29c3 Hamburg / DE
The last week of 2012 marked the 29th installment of the Chaos Communication Congress. Organized by the Chaos Computer Club (CCC), the congress is an annual conference on technology and its impact on society. Although the scope may look quite loose, both lectures and workshops typically revolve around privacy, freedom of information, data security and other hacking issues. Needless to say, it has always been a great success; huge, considering that black-hat sized events here in Europe are not that common. Take, for instance, the fact that this year the congress had to be held in Hamburg, as Berlin could not offer a congress center fit enough to host more than 6000 attendees. Trust me, this number was not an exaggeration at all!
I admit my expectations were quite high: after four long years of scientific symposia going back to more technical venues was indeed putting my brain in hunger-mode. However, having experienced what it means organizing events for medium sized scientific conferences, I was honestly puzzled about turning a huge building such as the Congress Center of Hamburg in a functional place ready to host lectures, workshops, and hack spaces. Boy I was wrong to be worried about it. The event lasted 4 whole days (from the 27th to the 30th) with an impeccable organization: not only were all lectures and workshops flawlessly organized, streamed, and chaired; but also all open spaces were collectivized and used for all kind of hacking purposes, from playing CTF to entry-level courses on the Arduino platform.
The speakers on the other hand could take advantage of extremely well-sized rooms, with the most important talks having available an auditorium able to host more than 2000 people. Nevertheless, I have to say I was forced to learn one thing pretty fast: if you are interested in a topic, and that topic happens to be quite a hot one, well, be ready to get to the room at least 15 minutes before show-time; seriously, being on time never worked; any room, regardless of the capacity, was liable to get full. Believe me, I was really thankful for the flawless streaming infrastructure (watching a talk on my laptop that was taking place just few meters away was indeed paradoxical 🙂 ).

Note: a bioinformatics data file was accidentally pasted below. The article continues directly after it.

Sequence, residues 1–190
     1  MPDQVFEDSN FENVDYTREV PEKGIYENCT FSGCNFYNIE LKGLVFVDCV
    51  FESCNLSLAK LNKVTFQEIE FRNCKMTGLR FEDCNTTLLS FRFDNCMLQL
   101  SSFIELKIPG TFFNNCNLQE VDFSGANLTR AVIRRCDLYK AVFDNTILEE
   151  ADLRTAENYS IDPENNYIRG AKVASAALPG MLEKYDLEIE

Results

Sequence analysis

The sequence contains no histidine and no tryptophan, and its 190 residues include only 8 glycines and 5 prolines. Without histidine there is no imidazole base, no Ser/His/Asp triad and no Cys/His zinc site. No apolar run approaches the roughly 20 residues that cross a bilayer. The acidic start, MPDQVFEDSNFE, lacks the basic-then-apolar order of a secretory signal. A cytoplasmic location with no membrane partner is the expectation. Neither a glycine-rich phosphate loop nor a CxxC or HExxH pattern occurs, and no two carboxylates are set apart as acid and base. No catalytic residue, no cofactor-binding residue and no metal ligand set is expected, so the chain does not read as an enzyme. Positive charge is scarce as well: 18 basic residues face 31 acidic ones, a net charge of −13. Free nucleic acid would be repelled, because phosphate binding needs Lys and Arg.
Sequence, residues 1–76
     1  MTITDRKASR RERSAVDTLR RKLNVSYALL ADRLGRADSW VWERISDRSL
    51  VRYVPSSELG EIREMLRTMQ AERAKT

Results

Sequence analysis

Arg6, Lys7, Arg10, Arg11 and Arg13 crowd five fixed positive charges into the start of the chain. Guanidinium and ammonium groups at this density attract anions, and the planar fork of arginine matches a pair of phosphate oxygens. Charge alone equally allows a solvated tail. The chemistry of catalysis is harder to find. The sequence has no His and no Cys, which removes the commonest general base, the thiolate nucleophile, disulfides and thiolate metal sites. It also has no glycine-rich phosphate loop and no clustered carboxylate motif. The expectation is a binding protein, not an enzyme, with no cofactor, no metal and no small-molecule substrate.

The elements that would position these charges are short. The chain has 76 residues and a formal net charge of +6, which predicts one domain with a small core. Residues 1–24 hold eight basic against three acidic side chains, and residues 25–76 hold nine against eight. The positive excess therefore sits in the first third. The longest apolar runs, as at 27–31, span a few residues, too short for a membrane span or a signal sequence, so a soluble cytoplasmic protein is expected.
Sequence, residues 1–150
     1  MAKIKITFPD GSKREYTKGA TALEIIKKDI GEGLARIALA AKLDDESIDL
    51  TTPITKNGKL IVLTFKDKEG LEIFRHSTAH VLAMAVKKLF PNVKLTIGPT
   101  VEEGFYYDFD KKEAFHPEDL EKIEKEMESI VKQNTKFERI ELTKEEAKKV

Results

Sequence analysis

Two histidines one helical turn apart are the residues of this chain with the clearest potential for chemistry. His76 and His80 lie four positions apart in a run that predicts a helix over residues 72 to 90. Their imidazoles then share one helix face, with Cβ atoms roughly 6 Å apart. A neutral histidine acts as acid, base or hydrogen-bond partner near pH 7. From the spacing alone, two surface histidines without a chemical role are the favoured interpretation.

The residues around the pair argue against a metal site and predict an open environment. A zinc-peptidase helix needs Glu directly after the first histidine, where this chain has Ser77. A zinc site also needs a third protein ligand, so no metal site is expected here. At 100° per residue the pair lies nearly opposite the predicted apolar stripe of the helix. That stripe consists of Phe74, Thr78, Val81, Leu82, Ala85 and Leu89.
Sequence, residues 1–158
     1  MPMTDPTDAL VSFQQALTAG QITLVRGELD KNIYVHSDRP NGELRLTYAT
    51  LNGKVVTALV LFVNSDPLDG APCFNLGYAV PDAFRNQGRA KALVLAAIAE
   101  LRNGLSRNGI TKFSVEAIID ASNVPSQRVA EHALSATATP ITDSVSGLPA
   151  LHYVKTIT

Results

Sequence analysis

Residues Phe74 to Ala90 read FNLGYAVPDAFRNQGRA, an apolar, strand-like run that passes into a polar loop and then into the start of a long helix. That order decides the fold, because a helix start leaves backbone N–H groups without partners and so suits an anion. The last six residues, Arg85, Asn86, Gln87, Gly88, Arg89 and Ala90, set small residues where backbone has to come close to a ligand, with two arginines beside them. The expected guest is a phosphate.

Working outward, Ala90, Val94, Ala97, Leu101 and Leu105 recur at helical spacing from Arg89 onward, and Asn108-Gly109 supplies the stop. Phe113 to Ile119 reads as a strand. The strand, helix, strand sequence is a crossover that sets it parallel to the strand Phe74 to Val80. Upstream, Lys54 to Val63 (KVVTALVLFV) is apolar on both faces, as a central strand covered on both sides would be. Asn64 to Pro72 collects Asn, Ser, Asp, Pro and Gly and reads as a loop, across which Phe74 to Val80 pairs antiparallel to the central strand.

The first day’s line up was respectable. The keynote was given by Jacob Appelbaum, known for his contributions to “The Tor Project”, and also former spokesperson for WikiLeaks. After the usual introductions, he explained the reasons of this year’s congress’ zeitgeist “Not My Department”. We all have heard this sentence at least once in our lives; usually uttered to belittle other people’s arguments, it has always been used as an example of a closed mindset at work. Jacob’s point was that this attitude is even more detrimental in an inter-connected world. What is the use of a privacy-preserving bill if our data flows through the routers of oppressive governments potentially assembling huge data sets about our lives? A new level of awareness is therefore suggested.